Thoughts from the Last Mile Welcome to the VillageReach Blog
01.31 2019

Ensuring access

Helena José Virgílio, José Maria, and Pedro Terezanane represent hundreds of heroes who, come rain or come shine, guarantee the availability of medicines and other medical commodities in health centers. As a result, patients countrywide have access to the medicines they need.  In addition to being the day-to-day heroes who ensure the availability of medicines in the health centers, they share the same expectations for the introduction of the Last Mile Supply Chain program.

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09.05 2018

Originally posted on Medium.

To transform health care delivery in far-reaching areas of Mozambique, it takes creativity, thinking outside of the box, resilience and strong commitment. It also requires a team approach and a lot of early buy-in. Engaging with a wide variety of stakeholders and being inclusive of a range of voices from the start is paramount to the work that we do at VillageReach, and particularly with a new and evolving technology like drones.

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07.18 2018

When we think about innovation, what often comes to mind are software and smartphones. But sometimes, innovation is what you end up with when trying to solve a problem. In Mozambique, we did this by finding a way to coordinate drivers who were already traveling near health facilities to help with lab sample delivery. Last week, after six months of planning the approach and adapting the mobile application, AmosTaxi was born.

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07.03 2018

Originally posted on Medium. 

Imagine this: you have a cough. At first, it’s annoying, but you try to ignore it. It grows more persistent and you start worrying about getting your kids sick, so you decide to go see a health professional. Now imagine the nearest clinic is 10 kilometres away or more — and even though you’re coughing and tired, you have to walk or ride a bike to get there. You have taken time away from work and used precious financial resources to get to the clinic. Once you arrive, the health worker decides to test you for tuberculosis (TB), and says to return in 2–3 weeks for your results, as the health facility does not have a laboratory on-site.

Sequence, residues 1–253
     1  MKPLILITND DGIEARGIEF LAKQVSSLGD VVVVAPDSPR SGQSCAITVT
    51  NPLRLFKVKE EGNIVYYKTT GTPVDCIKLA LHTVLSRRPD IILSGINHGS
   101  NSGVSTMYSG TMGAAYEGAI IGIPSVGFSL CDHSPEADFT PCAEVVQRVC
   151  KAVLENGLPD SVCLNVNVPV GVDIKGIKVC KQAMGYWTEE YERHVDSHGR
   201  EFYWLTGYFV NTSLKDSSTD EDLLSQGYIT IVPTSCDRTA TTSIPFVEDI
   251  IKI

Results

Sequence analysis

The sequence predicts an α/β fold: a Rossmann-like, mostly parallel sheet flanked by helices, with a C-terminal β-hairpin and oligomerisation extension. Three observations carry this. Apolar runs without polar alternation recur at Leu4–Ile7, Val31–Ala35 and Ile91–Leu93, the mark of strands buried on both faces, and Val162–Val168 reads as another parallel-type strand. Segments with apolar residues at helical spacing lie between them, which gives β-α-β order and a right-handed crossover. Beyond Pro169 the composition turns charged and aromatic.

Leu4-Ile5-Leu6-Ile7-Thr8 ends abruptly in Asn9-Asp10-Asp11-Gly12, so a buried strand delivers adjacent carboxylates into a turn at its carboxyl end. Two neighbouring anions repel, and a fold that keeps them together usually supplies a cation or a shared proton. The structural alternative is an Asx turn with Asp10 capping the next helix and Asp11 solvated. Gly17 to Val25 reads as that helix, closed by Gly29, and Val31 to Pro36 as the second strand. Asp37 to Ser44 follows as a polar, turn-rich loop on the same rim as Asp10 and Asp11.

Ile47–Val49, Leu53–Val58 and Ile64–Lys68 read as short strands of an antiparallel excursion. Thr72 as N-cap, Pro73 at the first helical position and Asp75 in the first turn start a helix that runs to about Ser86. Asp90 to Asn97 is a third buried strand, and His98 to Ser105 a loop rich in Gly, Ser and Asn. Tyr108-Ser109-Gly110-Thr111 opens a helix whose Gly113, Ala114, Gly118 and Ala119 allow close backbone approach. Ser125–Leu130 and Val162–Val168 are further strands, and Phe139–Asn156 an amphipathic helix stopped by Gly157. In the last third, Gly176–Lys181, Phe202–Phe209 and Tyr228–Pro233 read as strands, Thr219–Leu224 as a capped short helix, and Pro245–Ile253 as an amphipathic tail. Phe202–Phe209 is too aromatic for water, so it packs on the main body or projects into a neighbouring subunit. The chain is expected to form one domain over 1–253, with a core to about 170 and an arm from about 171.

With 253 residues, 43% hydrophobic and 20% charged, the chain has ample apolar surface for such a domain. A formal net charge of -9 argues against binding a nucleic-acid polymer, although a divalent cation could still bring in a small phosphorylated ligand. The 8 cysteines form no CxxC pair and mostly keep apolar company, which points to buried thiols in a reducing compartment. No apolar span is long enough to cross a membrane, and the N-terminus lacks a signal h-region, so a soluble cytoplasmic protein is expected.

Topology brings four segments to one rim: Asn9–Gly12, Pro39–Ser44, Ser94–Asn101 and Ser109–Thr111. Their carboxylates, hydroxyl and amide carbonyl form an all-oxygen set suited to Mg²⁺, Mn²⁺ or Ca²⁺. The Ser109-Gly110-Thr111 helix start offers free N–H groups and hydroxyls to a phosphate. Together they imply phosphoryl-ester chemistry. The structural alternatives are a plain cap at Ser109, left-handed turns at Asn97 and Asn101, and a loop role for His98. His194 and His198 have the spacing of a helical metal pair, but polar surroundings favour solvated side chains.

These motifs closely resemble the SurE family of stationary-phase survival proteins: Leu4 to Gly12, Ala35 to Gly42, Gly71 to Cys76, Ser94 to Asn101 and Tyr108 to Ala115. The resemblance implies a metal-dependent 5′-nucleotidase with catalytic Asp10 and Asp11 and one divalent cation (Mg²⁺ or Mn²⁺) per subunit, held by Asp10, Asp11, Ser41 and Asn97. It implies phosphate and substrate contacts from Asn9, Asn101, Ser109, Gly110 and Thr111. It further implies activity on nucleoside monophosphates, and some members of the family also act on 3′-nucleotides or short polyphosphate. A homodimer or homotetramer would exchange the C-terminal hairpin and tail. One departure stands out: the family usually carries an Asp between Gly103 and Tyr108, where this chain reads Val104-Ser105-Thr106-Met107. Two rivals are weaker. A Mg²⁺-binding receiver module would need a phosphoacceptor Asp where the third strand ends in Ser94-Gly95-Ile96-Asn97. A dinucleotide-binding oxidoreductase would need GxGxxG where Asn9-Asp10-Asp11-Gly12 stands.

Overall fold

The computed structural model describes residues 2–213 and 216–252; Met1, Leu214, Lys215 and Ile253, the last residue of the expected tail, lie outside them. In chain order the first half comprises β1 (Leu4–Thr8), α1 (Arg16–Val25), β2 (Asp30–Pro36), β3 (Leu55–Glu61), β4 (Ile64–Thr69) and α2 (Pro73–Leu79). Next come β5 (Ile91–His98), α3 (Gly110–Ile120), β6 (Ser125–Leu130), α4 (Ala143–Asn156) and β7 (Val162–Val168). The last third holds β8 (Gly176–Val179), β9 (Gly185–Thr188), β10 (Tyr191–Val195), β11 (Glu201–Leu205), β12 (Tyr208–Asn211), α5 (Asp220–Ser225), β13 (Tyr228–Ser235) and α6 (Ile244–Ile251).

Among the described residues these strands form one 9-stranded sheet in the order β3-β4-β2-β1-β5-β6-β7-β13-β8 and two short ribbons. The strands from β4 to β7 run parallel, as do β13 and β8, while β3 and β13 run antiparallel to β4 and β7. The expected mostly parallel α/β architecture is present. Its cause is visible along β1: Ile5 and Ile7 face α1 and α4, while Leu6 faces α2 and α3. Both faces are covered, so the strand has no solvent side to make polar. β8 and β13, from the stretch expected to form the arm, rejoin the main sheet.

The day of your follow-up arrives, and you again make the 10 kilometre trip back to the clinic. But there is only disappointing news: they couldn’t get the specimen to the laboratory fast enough, and therefore the test could not be conducted. They recommend that you travel even further to a different facility and repeat the test. Meanwhile, your family has also started coughing. Feel frustrated? Or hopeless? This is a reality that VillageReach along with DFID Mozambique, Ministry of Health, and other partners are trying to change in rural Mozambique.

And we are doing it using drones.

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04.18 2018

The Ride-sharing for sample transport program (aka “Sample Taxi” or “AmosTaxi”) combines technology and process improvement to match sample transport needs with sample transport availability. This project creates a dispatch center through which sample transportation in Sofala Province is coordinated among a network of existing providers, with samples tracked from collection to delivery.

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11.14 2017

On the road in Mozambique.

What if…? These two words can be a spark for innovation. At VillageReach, our work often begins with this question. We start with big, promising ideas and work towards creating evidence of their impact in the hardest-to-reach communities. We are excited by our latest Grand Challenges Explorations award rooted in what-if thinking.

What if we can use ride-sharing for faster lab results?

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